Authorities told to clear accident backlog

By Hu Yinan (China Daily)
Updated: 2008-01-10 07:20

A backlog of more 530 serious workplace accidents from the past two years has prompted the government's work safety committee to pressure regional authorities to step up their investigations.

The State Administration of Work Safety (SAWS) Wednesday released a circular, which revealed that 3,245 serious workplace accidents, each involving 10 or more deaths, had occurred over the two-year period. The document followed an order by the SAWS last month that said all provincial and municipal officials must act on findings of investigations on major workplace accidents before January 15.

The latest circular said 10,657 individuals responsible for accidents had been investigated or punished.

The safety committee said 2,707 cases had been closed.

Those responsible for the accidents received either criminal penalties, Party disciplinary punishment, or administrative penalties.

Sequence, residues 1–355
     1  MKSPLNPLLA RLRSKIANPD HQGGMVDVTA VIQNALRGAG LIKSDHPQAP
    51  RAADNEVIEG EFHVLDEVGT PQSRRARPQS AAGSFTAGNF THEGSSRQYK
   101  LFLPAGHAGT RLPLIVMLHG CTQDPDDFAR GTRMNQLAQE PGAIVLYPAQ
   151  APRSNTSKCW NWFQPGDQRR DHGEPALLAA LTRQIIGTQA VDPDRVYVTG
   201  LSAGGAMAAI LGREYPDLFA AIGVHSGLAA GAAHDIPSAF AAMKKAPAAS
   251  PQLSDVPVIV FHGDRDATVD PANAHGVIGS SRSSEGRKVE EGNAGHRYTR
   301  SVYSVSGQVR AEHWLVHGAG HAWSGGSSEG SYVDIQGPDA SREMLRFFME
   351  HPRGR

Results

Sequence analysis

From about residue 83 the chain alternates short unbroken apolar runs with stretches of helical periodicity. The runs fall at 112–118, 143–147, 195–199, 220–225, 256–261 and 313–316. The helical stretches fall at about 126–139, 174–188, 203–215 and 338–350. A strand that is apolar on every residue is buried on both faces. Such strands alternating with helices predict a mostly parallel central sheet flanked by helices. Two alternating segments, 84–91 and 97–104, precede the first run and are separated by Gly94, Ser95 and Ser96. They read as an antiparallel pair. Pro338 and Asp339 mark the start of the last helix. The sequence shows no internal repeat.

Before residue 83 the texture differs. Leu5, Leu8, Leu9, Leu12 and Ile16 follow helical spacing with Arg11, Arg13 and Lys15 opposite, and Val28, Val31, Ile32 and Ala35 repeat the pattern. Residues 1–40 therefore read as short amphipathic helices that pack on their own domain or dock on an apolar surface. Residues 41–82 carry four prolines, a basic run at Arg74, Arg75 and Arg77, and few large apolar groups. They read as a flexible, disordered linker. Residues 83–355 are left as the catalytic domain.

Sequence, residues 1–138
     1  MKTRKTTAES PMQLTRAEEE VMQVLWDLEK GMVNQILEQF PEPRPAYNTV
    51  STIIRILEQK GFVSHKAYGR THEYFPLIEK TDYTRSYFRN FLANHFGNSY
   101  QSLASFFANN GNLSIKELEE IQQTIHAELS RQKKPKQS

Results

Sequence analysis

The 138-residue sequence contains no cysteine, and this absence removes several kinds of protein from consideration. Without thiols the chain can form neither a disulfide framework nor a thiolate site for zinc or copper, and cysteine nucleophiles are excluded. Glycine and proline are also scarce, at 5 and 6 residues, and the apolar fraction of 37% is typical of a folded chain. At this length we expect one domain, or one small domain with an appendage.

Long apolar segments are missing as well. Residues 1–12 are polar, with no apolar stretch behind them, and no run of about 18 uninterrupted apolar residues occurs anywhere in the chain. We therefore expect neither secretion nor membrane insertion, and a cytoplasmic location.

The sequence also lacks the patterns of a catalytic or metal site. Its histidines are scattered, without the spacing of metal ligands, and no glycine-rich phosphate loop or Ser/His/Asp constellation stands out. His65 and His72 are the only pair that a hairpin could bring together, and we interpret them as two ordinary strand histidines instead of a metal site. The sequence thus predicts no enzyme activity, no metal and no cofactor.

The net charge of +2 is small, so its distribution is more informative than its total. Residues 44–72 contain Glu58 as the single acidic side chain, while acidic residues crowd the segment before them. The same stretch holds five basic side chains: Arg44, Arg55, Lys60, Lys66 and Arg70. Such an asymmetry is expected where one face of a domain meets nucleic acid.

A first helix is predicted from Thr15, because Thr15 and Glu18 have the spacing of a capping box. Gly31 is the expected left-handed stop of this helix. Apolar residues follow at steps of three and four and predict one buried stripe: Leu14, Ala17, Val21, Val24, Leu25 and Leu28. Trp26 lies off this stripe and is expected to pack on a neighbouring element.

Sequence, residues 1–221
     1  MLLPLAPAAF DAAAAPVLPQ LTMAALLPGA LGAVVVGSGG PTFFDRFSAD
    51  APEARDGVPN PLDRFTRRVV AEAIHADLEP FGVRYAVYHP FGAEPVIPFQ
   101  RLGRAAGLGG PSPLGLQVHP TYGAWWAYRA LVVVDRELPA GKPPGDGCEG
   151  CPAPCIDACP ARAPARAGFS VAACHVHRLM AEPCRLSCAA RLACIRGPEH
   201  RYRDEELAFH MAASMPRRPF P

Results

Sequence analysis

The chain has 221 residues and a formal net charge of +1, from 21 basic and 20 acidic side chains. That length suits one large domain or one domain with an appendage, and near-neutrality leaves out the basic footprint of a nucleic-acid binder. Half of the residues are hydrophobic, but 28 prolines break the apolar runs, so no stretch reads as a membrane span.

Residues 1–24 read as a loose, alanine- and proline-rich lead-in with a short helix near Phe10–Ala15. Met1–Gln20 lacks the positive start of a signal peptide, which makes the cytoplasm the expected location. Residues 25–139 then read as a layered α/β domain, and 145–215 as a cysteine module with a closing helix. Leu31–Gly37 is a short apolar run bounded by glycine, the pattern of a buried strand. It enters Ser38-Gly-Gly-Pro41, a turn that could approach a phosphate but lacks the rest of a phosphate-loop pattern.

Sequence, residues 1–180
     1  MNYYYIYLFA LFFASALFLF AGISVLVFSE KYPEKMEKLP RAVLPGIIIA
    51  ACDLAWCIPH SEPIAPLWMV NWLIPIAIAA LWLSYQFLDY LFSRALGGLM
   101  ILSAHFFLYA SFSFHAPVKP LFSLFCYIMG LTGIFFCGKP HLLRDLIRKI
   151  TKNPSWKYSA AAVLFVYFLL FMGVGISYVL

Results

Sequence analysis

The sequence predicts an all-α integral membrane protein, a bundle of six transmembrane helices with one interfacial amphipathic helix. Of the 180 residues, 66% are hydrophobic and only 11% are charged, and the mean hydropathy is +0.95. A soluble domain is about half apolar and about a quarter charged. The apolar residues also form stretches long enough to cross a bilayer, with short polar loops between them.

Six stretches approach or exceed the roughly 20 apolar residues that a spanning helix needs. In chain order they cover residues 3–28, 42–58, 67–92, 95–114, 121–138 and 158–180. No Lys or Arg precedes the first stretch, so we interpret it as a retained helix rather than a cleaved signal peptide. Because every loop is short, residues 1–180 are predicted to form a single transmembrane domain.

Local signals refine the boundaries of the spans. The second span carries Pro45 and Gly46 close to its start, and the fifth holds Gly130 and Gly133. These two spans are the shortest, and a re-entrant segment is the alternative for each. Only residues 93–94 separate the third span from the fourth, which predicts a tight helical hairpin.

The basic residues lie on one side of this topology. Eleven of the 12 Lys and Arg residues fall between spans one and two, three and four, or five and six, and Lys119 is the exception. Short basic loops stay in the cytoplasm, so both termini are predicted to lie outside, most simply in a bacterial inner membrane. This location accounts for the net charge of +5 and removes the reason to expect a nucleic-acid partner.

Bans have also been imposed on 152,985 of 178,473 known illegal construction, production and business units.

There were more than 500,000 recorded work accidents in China last year, resulting in 98,340 deaths.

The death rate was down almost 20 percent from the year before, according to the administration.

The number of accidents was down almost 13 percent.

The administration said 3,770 people were killed in mining disasters across the country last year.

Over the past three years, 10,412 coal mines have been closed, exceeding the government's earlier goal to close about 10,000 small mines between August 2005 and the middle of this year.

However, the nation's work safety situation remains "grave", SAWS chief Li Yizhong warned earlier.

Tardy progress in accident investigations in certain regions has prompted this latest push.

A 10-point document released in December by the Communist Party of China's disciplinary committee has assisted efforts by imposing stricter penalties on those who fail to maintain safety in the workplace.

The document said officials could be demoted, sacked or expelled from the Party if they take advantage of their posts to influence purchases, public biddings or accident probes.

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